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Submarine museum celebrates 25th anniversary

By GORDON JACKSON | The Brunswick News | Published: March 31, 2021

ST. MARYS, Ga. (Tribune News Service) — The St. Marys Submarine Museum opened 25 years ago, but the idea for a repository of artifacts from the Navy's silent service began years earlier.

During the quarter-century anniversary celebrated Tuesday in a private ceremony that was recorded to post on social media sites, the history of the museum was explained.

One of the speakers, retired Rear Adm. Al Konetzni Jr., was squadron commander at Naval Submarine Base Kings Bay in 1988 when he sent letters asking sailors for old memorabilia they may have collected over the years.

He started getting battle flags, pieces of decommissioned submarines and even some old Navy-issue underwear. The donations continued to come in until there wasn't the room to display everything.

"We started getting literally tons of stuff," he said.

After Konetzni was reassigned to another duty station in 1989, the donations continued and a group of organizers convinced St. Marys city officials to donate an old movie theater building with the intention of converting it into a museum for public display of artifacts they had collected.

The work included building a second floor to display the growing number of donated artifacts, including perhaps the nation's largest collection of World War II war patrol reports — many of them classified at the time. In fact, the museum's library has an estimated 99 percent of all the war patrols during WWII.

It took 129 volunteers who donated 6,344 hours of their time to complete the renovations.

"I think it's the camaraderie; it's the friendship," Konetzni said. "The bonds just keep going and going. We're still celebrating those bonds."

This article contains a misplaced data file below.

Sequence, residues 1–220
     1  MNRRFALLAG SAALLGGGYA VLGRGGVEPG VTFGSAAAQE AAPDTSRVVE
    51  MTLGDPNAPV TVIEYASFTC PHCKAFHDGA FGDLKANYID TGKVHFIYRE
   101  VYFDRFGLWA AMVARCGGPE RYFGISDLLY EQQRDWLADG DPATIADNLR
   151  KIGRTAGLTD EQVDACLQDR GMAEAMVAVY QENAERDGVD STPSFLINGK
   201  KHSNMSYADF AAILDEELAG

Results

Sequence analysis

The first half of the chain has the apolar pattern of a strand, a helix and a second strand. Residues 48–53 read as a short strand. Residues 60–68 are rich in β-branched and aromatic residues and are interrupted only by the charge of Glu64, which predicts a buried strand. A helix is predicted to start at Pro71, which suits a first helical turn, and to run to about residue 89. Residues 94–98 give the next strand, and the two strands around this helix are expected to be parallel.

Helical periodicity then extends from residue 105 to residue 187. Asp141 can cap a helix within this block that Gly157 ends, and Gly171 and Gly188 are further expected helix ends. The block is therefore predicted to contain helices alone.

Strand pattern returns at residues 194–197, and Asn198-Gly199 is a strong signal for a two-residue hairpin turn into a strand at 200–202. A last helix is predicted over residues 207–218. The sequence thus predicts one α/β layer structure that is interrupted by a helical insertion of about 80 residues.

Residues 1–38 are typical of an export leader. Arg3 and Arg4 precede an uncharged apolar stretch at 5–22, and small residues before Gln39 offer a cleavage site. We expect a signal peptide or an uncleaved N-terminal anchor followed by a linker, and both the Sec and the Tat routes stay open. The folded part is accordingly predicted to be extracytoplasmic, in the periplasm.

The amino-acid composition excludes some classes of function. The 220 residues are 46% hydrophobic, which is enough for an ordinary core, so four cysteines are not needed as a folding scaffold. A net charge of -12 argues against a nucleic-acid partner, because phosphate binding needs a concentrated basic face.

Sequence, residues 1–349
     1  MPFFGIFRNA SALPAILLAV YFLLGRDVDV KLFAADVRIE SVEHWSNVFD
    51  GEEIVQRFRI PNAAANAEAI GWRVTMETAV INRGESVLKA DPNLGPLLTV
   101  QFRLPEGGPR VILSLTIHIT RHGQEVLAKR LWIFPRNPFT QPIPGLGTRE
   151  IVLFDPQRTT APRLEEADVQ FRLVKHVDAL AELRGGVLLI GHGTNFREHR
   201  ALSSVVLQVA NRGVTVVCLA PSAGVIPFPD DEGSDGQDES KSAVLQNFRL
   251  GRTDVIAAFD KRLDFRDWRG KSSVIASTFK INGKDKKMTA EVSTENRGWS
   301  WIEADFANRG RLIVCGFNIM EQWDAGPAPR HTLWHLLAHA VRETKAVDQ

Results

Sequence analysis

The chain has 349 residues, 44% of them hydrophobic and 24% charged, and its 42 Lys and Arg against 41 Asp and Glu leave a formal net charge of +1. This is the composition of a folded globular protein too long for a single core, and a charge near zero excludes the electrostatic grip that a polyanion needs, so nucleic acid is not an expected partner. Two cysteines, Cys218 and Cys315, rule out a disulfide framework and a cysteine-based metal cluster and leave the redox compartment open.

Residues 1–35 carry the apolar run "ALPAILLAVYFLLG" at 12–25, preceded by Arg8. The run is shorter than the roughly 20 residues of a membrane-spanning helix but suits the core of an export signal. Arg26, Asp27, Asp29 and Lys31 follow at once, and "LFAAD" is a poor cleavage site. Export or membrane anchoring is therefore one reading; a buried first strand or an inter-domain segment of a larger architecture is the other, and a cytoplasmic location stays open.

The museum opened March 30, 1996, with a ceremony featuring a Konetzni's close friend and mentor retired Rear Adm. Eugene Fluckey as the keynote speaker.

"I realized this was a man who accentuates everything you'd want in a sailor," Konetzni said.

Fluckey is one of only eight submariners to receive the Medal of Honor. One of the submarines he commanded, the Barb, is among the most decorated boats of WWII.

State Sen. Sheila McNeill, R- Brunswick, was president of the museum's board of directors at the time it opened. McNeill, still a board member, was unable to attend Tuesday's ceremony but she sent a message that was read at the event.

"It speaks well of our museum to have had only two people at its time in the day-to-day operations in our manager John Crouse and now executive director Keith Post over the last 25 years," she said.

Crouse, who wore Hawaiian shirts, shorts and sandals most of the time after he retired from the Navy, died unexpectedly from a heart attack 10 years ago at the age of 58.

McNeill also found an unexpected supporter in Jack Schiff, founder of the Cincinnati Insurance Companies. McNeill asked him to join the museum as a member, telling him it would only cost him $20 a year. He made a donation of company stock in 1995 that enabled organizers to complete the renovations needed to open the museum a year later.

Since Schiff's death in 1998, the John J. and Mary R. Schiff Foundation has continued to support the museum.

"Well over a half million dollars over the past 25 years has been given to us by this foundation, and we are most grateful to the Schiff family for helping us keep the doors open and to honor Jack and especially his fellow WWII veterans," she said.

The second floor of the museum has been named in honor of Schiff.

Museum manager Keith Post said he was "honored, privileged and excited" to commemorate the milestone.

He explained how the museum continued to get support after it opened and become an attraction for more than 300,000 visitors during the past quarter century.

Another key moment for the museum happened in 2003 when Ben Bastura died in Connecticut. He had one of the largest private collections of submarine history in the nation, which he willed to the museum.

Other donations made by the Russian and British navies, and other displays such as one dedicated to the crew of the USS Thresher. After the Thresher sank in 1963, the Navy created a program to dramatically improve boat safety.

The museum has been closed to the public for more than a year, but Post said he plans to open the museum sometime in early May.

During his speech, Post showed one of the newest donations to the museum, a shell casing from the USS Redfin — a WWII boat. The shell casing is engraved with the names of every crew member on board during a battle where a sailor was wounded in the head. A crew member managed to get the wounded sailor into the boat, where he was treated for his gunshot wound and survived.

"That's an example of who we set donations to the museum," he said.

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